Many organizations are using or exploring how to use intelligence software to improve how people learn.
Intelligent tools can be used to customize educational plans to each worker’s learning needs and understanding levels based on their experience and knowledge. Asgharnia said that lets organizations implement more effective training programs.
9. AI as coach and monitor
In a related application, organizations are deploying AI-powered systems that coach employees as they work. The technology, experts explained, has the capability to monitor and analyze actions in near real time and provide feedback, thereby coaching or guiding workers through the process.
For example, many logistics and transportation companies use systems featuring cameras, eye-tracking technology and other AI algorithms to monitor for distracted driving, alerting workers to the problematic behavior and offering corrective actions.
10. Decision support
A similar application of AI in the enterprise is the use of an intelligent decision support system (DSS). These systems sort and analyze data and, based on that analysis, offer suggestions and guidance to humans as they make decisions.
Doctors, accountants and researchers are among the professionals who use such software, Asgharnia said. As an example, he pointed to a DSS that helps accountants wade through tax laws to identify the most beneficial tax strategies for their clients.
11. AI-enabled quality control and quality assurance
Manufacturers have been using machine vision, a form of AI, for decades. They’re now advancing such uses by adding quality control software with deep learning capabilities to improve the speed and accuracy of their quality control functions while keeping costs in check.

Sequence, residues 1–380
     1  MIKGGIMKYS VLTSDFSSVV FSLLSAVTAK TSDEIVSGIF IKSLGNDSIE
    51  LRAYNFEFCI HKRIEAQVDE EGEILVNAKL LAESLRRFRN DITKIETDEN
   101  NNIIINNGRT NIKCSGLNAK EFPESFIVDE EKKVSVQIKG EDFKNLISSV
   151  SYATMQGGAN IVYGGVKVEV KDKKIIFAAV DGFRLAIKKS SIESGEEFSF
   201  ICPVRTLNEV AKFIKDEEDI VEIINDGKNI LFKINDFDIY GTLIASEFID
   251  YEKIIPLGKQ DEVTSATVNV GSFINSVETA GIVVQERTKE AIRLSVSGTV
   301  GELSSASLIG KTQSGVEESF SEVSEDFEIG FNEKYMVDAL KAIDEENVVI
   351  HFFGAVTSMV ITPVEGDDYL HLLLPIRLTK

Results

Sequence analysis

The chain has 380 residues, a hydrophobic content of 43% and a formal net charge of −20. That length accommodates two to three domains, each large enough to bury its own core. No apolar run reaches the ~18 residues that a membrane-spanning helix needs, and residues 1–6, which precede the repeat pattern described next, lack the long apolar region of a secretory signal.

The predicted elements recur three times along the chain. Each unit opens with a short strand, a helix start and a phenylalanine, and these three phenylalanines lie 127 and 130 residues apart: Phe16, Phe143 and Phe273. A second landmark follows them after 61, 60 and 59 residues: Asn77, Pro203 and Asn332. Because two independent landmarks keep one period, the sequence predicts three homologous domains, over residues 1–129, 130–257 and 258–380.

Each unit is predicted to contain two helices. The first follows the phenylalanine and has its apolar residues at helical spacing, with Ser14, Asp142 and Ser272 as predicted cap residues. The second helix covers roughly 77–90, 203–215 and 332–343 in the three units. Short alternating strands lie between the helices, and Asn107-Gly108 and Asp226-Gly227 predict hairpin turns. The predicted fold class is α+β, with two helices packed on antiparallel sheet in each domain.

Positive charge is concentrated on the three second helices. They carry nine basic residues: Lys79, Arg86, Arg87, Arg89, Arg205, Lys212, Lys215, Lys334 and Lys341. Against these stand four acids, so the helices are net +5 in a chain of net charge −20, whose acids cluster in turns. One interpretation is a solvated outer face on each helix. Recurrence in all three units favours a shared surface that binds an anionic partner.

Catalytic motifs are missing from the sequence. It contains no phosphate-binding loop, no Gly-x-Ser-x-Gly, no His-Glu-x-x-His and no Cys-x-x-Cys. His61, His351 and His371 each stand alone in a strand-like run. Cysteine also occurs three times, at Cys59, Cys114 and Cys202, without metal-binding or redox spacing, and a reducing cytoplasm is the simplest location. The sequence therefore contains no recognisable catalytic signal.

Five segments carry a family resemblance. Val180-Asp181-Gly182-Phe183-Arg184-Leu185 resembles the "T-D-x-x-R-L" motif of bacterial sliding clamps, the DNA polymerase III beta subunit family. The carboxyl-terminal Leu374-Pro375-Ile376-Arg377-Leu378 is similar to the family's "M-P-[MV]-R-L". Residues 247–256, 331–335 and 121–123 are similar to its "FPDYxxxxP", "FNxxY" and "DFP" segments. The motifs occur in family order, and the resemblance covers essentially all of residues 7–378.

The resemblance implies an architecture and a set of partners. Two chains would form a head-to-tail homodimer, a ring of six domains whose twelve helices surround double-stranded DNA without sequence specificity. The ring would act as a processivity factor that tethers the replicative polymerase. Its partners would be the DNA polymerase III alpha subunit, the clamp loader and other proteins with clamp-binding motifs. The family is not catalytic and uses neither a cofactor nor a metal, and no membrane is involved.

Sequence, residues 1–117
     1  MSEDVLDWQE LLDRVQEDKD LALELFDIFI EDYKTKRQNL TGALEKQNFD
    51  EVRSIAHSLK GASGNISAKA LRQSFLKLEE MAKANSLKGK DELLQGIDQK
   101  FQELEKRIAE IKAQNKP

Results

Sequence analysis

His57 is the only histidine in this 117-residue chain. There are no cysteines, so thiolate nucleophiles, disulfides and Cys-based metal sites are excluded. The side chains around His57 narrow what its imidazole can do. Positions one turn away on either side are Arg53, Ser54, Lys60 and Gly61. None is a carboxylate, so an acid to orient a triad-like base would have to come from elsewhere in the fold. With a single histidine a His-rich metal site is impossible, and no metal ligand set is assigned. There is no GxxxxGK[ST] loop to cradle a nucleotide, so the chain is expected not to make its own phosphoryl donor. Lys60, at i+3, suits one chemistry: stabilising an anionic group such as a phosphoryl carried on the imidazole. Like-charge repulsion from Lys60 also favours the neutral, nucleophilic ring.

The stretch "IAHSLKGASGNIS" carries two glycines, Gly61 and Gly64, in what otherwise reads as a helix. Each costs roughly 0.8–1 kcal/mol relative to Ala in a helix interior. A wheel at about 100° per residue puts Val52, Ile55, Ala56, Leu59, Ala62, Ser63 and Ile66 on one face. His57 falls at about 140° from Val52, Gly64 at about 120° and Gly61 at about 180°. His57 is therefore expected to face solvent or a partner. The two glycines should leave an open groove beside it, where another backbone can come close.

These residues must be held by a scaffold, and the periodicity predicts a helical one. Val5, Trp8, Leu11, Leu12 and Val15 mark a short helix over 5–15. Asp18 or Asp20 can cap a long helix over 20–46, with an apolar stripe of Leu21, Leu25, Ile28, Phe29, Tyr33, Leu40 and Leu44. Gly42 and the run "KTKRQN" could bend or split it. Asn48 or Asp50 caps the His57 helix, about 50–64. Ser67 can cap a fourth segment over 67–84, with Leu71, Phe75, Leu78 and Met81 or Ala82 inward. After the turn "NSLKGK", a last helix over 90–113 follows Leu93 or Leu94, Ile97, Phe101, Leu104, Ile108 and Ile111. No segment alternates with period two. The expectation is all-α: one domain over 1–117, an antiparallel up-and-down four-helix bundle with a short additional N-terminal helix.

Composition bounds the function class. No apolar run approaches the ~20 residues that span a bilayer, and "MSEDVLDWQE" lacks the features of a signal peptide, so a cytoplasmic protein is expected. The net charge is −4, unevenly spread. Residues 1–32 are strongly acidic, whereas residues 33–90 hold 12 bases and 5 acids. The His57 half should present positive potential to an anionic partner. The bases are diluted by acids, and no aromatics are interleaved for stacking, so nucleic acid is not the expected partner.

These systems deliver a more precise, and ever-improving, quality assurance function, as deep learning models create their own rules to determine what defines quality.
12. AI for personalized customer services, experiences and support
Delivering personalized customer services and experiences is one of the most prevalent enterprise use cases for AI.
“It’s using identifiers about customers and consolidating signals from multiple systems to understand who they are, what describes them, [and] what motivates them to create a personalized experience,” Earley explained .
Although the use of AI for such a purpose is widespread, Earley said companies could be more effective. “I think personalization isn’t being done well today, or not at the level it can be,” he said.
13. Safer operations
AI is being used by a multitude of industries to improve safety.
Construction companies, utilities, farms, mining interests and other entities working in outside locales or in spacious geographical areas are gathering data from endpoint devices such as cameras, thermometers, motion detectors and weather sensors. Organizations then feed that data into intelligent systems that identify problematic behaviors, dangerous conditions or business opportunities, and make recommendations or even take preventative or corrective actions.
Other industries are making similar use of AI-enabled software applications to monitor safety conditions. For example, manufacturers are using AI software and computer vision to monitor workers’ behaviors to ensure they’re following safety protocols.
Organizations of all kinds can use AI to process data gathered from on-site IoT ecosystems to monitor facilities or workers. In such cases, the intelligent systems watch for and alert companies to hazardous conditions such as distracted driving in delivery trucks.